What is a father to make of his daughter's obvious affection for a man outside the fold? And how will a pacifist Amishman like Caleb respond to the events that threaten his family and their way of life?

The Bender family has survived a year in the wild Paradise Valley in Mexico.  Now, joined by others of their faith who have made the long journey in search of religious freedom, they hope for a peace which is not to be found.

Miriam finds herself falling in love with Domingo, their hired hand.  Not Amish and not even Christian, she knows that her father will never approve of her relationship with him.  She attempts to find happiness with an Amish man, but her heart belongs to someone else.

When Rachel and her brother Aaron are attacked returning home from a trip, Rachel is kidnapped and Aaron left for dead.  Jake and Domingo go after El Pantera and after rescuing Rachel, Domingo sacrifices his safety to let Rachel and Jake get away.  When they return home without him, Miriam and Domingo's sister Kyra go after him.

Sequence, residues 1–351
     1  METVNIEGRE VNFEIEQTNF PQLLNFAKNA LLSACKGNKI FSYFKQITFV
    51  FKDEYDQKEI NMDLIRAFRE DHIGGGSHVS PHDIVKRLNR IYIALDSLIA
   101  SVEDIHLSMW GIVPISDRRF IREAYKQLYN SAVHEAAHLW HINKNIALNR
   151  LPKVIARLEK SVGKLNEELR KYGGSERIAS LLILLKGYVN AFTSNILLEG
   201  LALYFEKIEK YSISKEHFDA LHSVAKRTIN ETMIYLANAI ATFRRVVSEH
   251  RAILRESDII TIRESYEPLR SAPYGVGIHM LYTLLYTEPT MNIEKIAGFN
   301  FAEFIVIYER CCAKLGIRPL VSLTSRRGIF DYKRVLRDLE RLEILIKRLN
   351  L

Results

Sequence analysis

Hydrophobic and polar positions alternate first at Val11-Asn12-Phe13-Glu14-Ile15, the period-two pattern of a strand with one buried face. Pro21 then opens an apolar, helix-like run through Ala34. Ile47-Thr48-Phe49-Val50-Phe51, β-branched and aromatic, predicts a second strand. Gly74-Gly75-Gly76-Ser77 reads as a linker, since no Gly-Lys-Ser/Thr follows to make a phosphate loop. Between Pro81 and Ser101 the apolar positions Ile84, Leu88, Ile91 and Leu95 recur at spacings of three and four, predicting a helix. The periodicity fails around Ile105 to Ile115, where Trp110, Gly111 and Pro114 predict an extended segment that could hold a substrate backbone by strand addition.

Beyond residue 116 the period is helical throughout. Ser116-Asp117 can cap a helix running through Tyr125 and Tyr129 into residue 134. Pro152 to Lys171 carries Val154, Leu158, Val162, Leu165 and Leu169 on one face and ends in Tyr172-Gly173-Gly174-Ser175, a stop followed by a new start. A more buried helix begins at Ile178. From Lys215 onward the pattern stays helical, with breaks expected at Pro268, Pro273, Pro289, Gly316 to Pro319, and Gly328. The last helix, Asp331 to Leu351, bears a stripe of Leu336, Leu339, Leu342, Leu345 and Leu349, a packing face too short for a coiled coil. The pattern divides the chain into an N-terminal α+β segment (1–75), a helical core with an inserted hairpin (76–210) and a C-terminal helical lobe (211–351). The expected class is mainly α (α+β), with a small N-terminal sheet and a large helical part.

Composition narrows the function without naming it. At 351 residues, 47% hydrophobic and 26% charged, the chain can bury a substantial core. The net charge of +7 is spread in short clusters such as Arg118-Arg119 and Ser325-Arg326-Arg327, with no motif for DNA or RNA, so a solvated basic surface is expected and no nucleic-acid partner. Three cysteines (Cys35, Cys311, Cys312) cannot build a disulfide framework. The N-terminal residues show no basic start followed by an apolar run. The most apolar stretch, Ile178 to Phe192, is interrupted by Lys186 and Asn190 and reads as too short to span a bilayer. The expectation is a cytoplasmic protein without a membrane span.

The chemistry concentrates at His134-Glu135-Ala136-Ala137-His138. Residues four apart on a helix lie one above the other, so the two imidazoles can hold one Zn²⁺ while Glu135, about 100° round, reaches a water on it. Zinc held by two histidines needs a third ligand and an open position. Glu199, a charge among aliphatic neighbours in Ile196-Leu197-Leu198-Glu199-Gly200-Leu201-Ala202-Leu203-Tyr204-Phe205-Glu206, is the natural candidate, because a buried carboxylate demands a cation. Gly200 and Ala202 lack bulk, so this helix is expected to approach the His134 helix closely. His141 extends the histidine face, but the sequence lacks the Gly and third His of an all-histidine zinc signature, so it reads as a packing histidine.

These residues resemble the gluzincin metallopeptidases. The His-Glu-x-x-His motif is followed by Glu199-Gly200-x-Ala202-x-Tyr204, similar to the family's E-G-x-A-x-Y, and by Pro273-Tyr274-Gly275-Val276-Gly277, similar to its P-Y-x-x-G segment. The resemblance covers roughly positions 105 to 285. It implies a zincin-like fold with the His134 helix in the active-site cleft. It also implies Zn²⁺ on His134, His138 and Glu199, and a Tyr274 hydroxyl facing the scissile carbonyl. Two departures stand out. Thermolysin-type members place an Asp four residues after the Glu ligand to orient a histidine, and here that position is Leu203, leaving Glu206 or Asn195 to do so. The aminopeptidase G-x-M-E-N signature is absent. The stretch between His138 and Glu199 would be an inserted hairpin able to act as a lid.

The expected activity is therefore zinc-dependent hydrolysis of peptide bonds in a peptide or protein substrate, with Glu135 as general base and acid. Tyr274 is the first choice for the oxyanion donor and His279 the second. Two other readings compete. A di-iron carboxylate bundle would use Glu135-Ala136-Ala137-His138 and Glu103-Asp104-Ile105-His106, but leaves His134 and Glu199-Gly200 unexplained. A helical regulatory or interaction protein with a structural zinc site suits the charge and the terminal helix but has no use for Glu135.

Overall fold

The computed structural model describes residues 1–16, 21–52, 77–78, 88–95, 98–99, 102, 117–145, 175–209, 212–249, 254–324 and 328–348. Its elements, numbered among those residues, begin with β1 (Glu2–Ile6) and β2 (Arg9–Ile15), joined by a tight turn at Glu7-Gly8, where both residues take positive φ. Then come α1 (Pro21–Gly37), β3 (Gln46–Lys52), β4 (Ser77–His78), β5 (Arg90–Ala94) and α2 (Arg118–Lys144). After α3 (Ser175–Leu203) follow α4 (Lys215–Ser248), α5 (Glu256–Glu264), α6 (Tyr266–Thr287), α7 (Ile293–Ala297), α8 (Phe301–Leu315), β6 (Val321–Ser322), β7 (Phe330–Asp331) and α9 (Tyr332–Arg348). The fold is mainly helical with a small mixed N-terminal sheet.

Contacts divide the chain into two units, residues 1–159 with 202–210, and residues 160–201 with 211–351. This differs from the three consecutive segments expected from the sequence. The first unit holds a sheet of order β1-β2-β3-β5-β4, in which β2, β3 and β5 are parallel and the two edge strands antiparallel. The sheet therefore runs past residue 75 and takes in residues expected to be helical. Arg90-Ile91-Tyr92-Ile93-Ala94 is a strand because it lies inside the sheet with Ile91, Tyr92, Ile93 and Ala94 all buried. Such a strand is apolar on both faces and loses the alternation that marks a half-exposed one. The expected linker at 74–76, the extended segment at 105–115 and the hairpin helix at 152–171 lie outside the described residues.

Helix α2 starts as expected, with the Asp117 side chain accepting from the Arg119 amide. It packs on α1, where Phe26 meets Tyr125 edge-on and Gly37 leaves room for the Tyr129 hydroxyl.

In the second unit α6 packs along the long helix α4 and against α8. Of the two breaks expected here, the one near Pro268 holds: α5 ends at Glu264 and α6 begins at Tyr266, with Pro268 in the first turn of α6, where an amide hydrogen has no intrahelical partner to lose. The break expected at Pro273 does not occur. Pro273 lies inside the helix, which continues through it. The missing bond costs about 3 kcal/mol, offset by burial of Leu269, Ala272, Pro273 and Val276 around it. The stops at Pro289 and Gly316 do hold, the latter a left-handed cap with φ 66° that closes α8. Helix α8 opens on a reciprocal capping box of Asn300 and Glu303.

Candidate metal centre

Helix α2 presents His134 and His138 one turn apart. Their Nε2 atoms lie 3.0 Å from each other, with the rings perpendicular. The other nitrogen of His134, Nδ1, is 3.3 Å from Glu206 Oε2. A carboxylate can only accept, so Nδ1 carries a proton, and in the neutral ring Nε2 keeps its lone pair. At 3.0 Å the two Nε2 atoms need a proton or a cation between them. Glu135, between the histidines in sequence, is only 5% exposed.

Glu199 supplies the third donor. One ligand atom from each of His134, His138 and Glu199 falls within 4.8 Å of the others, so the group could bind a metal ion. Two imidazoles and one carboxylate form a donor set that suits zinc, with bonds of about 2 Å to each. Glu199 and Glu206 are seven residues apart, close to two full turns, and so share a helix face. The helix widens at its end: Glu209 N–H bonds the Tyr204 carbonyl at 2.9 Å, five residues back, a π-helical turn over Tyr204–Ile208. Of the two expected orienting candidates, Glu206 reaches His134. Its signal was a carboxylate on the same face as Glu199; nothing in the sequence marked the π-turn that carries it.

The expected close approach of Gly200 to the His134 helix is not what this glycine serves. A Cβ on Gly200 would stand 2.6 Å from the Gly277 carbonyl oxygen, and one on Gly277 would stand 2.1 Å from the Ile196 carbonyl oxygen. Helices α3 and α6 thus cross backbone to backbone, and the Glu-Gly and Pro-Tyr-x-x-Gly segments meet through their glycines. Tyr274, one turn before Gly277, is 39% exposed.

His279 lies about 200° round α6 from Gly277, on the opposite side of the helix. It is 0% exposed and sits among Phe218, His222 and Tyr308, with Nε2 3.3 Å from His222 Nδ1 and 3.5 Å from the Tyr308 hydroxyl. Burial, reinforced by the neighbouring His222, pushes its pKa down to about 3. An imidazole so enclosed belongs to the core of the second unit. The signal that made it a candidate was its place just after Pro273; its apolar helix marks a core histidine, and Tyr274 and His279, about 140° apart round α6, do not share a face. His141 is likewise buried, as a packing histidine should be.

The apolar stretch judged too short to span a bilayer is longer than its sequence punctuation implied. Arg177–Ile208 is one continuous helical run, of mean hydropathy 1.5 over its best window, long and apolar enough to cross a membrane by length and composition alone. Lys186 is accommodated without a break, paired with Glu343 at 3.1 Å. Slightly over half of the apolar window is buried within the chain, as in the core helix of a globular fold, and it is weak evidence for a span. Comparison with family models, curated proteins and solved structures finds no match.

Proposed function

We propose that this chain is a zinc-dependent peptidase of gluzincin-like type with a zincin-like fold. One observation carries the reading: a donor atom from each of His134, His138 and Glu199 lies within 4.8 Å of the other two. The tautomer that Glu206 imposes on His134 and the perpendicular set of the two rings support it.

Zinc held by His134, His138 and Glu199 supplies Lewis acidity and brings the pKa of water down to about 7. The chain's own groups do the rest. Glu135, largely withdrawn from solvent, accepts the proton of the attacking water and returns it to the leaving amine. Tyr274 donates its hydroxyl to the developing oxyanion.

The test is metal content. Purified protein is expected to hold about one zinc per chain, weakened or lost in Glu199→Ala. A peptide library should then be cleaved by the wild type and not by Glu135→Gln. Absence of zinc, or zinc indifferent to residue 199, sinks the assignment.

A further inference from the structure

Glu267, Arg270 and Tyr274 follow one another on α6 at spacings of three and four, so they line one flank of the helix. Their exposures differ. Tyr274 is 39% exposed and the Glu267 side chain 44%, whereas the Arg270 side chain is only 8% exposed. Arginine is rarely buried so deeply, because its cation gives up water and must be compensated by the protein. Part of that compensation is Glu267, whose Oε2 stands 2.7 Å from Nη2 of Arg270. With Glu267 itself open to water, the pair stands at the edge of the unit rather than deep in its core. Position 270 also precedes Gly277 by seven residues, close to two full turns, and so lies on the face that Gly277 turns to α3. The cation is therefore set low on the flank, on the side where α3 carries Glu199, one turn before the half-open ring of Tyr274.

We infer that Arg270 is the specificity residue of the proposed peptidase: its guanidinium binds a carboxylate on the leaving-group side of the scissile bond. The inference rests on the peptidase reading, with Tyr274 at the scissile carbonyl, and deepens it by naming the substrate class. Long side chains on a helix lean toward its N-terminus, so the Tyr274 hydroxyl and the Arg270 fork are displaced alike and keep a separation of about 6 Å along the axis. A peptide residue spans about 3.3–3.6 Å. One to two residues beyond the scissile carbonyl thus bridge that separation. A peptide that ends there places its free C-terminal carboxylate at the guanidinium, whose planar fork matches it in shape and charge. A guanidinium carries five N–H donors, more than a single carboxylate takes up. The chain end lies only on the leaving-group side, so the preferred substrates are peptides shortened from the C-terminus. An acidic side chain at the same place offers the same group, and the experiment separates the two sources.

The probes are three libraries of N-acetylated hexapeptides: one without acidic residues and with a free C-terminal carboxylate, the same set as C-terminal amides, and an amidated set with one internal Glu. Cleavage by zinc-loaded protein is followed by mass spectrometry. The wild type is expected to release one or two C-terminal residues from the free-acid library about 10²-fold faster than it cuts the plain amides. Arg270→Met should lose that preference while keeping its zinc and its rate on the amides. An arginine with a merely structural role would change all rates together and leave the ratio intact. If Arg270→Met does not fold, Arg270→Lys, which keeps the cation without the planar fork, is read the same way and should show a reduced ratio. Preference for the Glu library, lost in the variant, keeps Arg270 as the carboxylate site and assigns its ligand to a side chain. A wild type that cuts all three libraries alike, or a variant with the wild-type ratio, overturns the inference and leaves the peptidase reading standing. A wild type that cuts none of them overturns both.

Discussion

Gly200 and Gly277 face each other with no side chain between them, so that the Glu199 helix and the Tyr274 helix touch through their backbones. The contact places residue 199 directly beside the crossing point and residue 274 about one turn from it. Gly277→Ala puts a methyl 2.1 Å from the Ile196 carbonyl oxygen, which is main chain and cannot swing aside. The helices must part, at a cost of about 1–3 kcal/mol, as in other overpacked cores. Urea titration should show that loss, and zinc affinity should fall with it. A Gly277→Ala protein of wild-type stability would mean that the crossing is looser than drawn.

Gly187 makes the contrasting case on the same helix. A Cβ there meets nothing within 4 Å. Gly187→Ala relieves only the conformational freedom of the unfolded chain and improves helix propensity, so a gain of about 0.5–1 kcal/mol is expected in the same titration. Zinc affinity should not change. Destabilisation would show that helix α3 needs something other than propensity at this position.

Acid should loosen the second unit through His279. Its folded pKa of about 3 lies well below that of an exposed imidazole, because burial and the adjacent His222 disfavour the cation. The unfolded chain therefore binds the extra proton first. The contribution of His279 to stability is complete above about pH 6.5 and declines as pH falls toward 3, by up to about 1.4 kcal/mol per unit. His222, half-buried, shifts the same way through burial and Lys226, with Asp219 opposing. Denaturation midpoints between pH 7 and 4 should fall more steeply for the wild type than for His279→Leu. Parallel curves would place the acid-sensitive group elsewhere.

Wow.   What a story and a refreshing look at the Amish faith from a vastly different perspective than one normally sees.  I love these characters and I didn't want the book to end.  I especially loved the part with Ada, where we get a glimpse into her heart and mind as she struggles to save her young nephew and return home after the attack that resulted in such tragedy.  And Miriam is such a strong young woman, faced with difficult decisions.  The exploration of love vs. faith and religion is brilliantly executed.